David Wojnarowicz (1954 – 1992) channeled a vast accumulation of raw images, sounds, memories and lived experiences into a powerful voice that was an undeniable presence in the New York City art scene of the 1970s, 80s and early 90s. Through his several volumes of fiction, poetry, memoirs, painting, photography, installation, sculpture, film and performance, Wojnarowicz left a legacy, affirming art’s vivifying power in a society he viewed as alienating and corrosive. Wojnarowicz died of AIDS-related complications on July 22, 1992 at the age of 37. His artwork has been included in solo and group exhibitions around the world, at institutions such as The Museum of Modern Art, New York; Museum of Contemporary Art, Chicago, The American Center, Paris, France; The Busan Museum of Modern Art, Korea; Centro Galego de Art Contemporanea, Santiago de Compostela, Spain; Barbican Art Gallery, London; and the Museum Ludwig, Cologne Germany. His works are in permanent collections of major museums internationally and are the subject of significant scholarly studies. Highly influential to the current generation of artists, writers and activists, his work continues to be subject of important exhibitions. Wojnarowicz has been the subject of two retrospectives, at the galleries of the Illinois State University in 1990 curated by Barry Blinderman and at the New Museum in 1999 curated by Dan Cameron. Among his numerous books, published by Random House and Grove Press, among others, his memoir, "Close to the Knives" has recently been translated into French. Recently historian Cynthia Carr released an acclaimed biography on Wojnarowicz entitled Fire in the Belly. In 2014, Wojnarowicz’s work will be featured in an upcoming exhibition Take it or Leave it: Institution, Image, Ideology at the Hammer Museum in Los Angeles. The Whitney Museum of American Art will present a retrospective of Wojnarowicz’s work in the spring of 2016.
Martin Wong (1946-1999) was born in Portland, Oregon and raised in the Chinatown district of San Francisco, California. Wong's works are charged with a multitude of levels that address the artist's personal, poetic and social concerns, reflecting a sense of compassion and self-identification that still resonates today. He studied ceramics at Humboldt State University, graduating in 1968. During the '70s he was active in the San Francisco Bay Area art scene, and was involved with the performance art groups The Cockettes and Angels of Light. In 1978 he moved to Manhattan, eventually settling in the Lower East Side, where his attention turned exclusively to painting. Wong set forth to depict urban life on the Lower East Side where he then lived. Through his visual diary he built a landscape of stacked bricks, crumbling tenements, constellations and hand signals. His narratives were populated by the neighborhood's denizens including firemen, the incarcerated, graffiti artists, and families, including his friend and poet, Miguel Piñero. Wong died in San Francisco from an AIDS related illness in 1999. Wong's work can be found in museum collections including: The Metropolitan Museum of Art, The Museum of Modern Art, The Bronx Museum, de Young Museum, The Art Institute of Chicago, Whitney Museum of American Art, San Francisco Museum of Modern Art and The Cleveland Museum of Art. He had a one person show Sweet Oblivion at the New Museum in 1998. In the fall of 2013 an exhibition of Martin Wong and his Circle, organized by Carlo McCormick, opened at the Museum of the City of New York. A one person traveling exhibition of his work accompanied by the release of a major publication is scheduled to take place at the Bronx Museum, New York, in 2015.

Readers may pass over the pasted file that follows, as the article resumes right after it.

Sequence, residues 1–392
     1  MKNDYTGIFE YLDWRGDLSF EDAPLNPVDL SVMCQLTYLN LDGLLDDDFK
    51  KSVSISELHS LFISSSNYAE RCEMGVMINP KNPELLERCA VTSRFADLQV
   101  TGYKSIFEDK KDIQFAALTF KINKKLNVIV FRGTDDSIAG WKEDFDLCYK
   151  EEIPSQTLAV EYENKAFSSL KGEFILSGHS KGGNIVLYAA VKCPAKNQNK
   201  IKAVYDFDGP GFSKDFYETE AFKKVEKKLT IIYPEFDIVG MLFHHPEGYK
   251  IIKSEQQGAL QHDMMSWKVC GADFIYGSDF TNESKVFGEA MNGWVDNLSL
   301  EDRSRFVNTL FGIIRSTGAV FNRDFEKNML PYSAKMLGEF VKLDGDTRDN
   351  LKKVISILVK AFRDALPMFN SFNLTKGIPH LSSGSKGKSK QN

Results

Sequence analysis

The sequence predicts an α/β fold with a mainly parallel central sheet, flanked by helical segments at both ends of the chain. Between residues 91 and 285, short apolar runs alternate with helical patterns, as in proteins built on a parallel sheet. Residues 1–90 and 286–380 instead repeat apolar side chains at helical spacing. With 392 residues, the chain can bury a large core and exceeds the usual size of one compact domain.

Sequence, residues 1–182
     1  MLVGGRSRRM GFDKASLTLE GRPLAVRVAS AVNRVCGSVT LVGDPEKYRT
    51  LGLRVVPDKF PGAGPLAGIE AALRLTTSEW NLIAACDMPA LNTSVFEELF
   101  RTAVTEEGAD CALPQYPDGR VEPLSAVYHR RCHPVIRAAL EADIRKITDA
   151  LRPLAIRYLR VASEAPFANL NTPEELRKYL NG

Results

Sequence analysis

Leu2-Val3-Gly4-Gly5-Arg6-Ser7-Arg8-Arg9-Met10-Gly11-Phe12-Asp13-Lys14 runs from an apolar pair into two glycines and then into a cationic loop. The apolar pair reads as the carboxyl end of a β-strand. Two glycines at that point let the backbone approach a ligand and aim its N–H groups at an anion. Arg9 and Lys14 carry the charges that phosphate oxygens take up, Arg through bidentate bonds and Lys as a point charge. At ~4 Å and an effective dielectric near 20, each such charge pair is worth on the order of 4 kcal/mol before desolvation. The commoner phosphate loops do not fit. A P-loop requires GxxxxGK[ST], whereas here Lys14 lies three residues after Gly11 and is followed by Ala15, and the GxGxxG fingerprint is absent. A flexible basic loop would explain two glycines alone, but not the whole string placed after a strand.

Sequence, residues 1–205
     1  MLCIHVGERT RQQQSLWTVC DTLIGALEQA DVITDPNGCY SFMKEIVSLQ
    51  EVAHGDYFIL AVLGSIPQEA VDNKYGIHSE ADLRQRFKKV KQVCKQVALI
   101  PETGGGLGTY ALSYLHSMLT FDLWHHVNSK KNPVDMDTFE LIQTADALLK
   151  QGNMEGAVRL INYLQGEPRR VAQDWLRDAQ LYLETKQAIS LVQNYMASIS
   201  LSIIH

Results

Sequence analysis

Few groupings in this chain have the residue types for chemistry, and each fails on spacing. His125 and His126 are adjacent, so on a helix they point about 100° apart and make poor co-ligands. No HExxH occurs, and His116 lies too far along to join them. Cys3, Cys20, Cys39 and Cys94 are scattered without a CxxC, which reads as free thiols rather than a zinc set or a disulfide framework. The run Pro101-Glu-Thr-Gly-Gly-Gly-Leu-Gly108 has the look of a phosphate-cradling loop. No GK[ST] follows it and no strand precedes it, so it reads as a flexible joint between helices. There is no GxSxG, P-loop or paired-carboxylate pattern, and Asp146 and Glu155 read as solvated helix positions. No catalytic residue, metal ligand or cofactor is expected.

Thomas Woodruff (b. 1957) is a conceptual artist who uses traditional figurative painting techniques, archetypal formats and hybrid visual vocabularies from history to create contemporary “structures of contemplation” in the form of elaborative paintings in series. Over the years, Woodruff has worked as an artist, illustrator, educator, and curator. He has designed works for theatre, dance, opera, and television, and has worked as a tattooist. He is the Chair of Illustration and Design at the School of Visual Arts in New York City and continues to inspire young artists with his eccentric, visually complex, and visionary paintings. His works have been included in numerous exhibitions nationally and internationally including the Whitney Museum of Art (NY), The Norman Rockwell Museum, MA, the Kohler Arts Center, WI, and the National Gallery of Australia. His work is in the permanent collections of the Brooklyn Museum, NY, MIT List Center, MA, The New School, NY, the Honolulu Museum of Art, HI, the New Orleans Museum of Art, LA, the Greenville County Museum, SC, and the Art Gallery of Western Australia.